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10 alternative methods for funding your business

Wednesday, June 4, 2014   (0 Comments)
Posted by: Rhette Baughman
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In the wake of the Great Recession, getting a small business loan from a traditional lender is no easy feat. But if your loan application doesn't get approved by the bank, don't worry; there are plenty of other places to look for funding.

Business News Daily recently caught up with Ty Kiisel, a small business financing expert at Lendio and author of the new book "Getting a Business Loan: Financing Your Main Street Business"  (Apress, 2013), who explained the most sought-after alternative financing options for small businesses.

Armed with Kiisel's list of top alternative financing options, we reached out to small business experts in a range of fields, who weighed in on the pros and cons of each alternative and provided some insight into what options work best for certain kinds of businesses.

Here's what the experts had to say about the most popular alternative financing options for small businesses.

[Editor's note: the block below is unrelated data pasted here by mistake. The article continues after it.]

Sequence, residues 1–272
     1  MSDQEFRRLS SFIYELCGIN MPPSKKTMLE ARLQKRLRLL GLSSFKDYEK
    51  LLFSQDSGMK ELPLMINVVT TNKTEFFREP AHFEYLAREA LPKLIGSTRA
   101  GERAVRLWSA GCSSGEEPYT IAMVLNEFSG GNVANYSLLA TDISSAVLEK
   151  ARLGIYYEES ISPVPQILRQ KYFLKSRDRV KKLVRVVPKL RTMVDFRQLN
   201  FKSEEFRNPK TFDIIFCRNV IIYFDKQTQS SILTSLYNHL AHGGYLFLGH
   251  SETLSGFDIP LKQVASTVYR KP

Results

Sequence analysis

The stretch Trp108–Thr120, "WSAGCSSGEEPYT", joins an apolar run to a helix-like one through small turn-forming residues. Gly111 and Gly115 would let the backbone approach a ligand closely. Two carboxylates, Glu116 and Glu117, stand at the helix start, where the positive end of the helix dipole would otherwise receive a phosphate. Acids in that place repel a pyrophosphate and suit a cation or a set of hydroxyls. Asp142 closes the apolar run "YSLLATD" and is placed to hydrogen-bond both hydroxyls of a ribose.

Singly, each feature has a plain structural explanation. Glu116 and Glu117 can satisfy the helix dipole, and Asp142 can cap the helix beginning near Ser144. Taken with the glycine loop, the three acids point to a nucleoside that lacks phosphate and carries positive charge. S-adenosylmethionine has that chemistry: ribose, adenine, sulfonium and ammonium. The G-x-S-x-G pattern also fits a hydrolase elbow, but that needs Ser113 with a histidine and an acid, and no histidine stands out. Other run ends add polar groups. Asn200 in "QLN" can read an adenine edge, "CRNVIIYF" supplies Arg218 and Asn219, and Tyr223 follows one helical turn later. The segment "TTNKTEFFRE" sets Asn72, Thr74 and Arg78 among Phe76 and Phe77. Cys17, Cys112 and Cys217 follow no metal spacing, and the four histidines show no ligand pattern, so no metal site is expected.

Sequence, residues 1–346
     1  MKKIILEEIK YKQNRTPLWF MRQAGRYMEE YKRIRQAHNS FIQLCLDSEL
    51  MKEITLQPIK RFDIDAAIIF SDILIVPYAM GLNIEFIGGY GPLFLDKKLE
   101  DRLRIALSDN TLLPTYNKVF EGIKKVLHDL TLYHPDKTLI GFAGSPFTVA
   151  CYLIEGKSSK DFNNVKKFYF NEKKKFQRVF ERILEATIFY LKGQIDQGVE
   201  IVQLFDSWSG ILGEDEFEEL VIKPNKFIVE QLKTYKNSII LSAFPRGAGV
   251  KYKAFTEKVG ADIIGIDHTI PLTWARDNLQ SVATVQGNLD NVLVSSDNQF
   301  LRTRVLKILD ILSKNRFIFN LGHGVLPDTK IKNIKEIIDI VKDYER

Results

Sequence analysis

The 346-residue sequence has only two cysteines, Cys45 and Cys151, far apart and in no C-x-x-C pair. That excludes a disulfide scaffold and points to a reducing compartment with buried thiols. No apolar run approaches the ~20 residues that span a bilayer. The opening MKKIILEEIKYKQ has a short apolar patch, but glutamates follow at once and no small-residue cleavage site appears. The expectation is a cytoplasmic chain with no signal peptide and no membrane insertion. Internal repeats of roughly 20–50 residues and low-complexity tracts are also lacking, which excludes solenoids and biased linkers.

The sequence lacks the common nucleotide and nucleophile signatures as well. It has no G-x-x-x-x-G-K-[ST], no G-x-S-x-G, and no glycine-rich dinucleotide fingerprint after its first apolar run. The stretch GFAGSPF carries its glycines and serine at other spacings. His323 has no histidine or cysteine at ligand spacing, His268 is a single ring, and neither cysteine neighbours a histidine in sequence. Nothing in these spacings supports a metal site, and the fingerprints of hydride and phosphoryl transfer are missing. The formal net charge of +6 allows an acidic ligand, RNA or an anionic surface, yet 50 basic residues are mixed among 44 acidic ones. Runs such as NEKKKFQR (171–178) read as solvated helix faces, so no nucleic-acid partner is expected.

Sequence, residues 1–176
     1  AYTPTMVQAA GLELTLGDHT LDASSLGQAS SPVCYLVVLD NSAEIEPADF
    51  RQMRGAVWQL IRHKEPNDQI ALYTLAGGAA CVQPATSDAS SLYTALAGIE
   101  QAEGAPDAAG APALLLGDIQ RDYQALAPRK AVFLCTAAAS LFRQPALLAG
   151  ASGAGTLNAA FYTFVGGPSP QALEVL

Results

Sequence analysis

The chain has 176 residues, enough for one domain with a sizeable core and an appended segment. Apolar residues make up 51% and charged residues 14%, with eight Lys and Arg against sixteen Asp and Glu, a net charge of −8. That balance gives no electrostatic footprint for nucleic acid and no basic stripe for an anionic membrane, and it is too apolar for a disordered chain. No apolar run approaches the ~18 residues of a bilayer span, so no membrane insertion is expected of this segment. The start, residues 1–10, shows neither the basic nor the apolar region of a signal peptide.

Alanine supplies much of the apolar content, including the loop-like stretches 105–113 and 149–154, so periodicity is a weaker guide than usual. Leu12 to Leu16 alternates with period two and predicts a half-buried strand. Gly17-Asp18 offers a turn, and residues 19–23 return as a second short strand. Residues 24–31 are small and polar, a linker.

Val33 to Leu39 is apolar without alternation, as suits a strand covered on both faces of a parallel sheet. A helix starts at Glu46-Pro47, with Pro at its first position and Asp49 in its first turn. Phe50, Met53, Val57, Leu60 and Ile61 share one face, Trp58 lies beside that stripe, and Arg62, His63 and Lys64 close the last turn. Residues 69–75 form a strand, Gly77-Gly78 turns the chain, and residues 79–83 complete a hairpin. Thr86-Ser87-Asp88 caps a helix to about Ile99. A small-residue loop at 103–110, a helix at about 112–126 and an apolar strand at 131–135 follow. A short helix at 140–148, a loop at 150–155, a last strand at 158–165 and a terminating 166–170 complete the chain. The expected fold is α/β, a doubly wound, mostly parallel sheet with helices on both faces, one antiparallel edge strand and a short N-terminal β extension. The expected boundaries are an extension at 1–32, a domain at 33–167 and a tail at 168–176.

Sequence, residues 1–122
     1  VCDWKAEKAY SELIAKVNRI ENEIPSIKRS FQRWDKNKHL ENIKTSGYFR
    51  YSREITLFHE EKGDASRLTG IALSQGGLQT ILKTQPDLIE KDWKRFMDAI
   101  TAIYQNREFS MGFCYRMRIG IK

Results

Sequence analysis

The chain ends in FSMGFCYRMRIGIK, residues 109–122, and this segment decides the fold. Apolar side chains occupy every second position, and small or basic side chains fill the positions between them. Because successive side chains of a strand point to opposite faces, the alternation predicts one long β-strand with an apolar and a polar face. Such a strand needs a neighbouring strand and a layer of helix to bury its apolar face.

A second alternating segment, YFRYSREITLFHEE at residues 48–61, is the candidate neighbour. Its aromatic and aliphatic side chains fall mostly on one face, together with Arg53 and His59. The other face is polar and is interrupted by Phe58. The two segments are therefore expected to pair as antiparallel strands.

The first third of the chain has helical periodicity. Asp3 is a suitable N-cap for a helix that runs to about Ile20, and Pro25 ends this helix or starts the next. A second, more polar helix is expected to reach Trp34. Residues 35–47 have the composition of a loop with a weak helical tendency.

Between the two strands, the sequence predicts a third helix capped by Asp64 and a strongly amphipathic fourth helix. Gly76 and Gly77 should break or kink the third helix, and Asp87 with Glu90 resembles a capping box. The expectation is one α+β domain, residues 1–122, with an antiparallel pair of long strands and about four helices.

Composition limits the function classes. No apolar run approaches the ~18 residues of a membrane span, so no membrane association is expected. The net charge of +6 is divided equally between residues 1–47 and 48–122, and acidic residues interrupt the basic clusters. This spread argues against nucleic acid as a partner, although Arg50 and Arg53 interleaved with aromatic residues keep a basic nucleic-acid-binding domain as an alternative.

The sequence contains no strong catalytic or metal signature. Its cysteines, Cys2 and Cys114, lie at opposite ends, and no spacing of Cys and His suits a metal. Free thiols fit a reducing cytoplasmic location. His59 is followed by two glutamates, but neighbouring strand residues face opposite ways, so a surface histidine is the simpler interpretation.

Option 1: Factoring

What is it? Factoring, or accounts receivable financing, is a transaction in which a business sells its accounts receivable (i.e., invoices) to a third party. The third party, or "factor," typically pays about 80 percent of the value of the receivable up front. In other words, if you sell a $100 invoice to a factor, you'll be paid $80 immediately.

The factor then collects payment from your client when the invoice is due, deducts its fees (usually 2 to 6 percent of the total invoice) and forwards the rest of the cash to you. So, if you agreed to pay a factor 5 percent, the total amount you would collect on your $100 invoice would be $95.

Pros: Unlike obtaining a loan from a bank, which can take months, factoring gives you immediate access to funds. This is particularly useful for businesses that are trying to expand but lack the cash flow to do so successfully.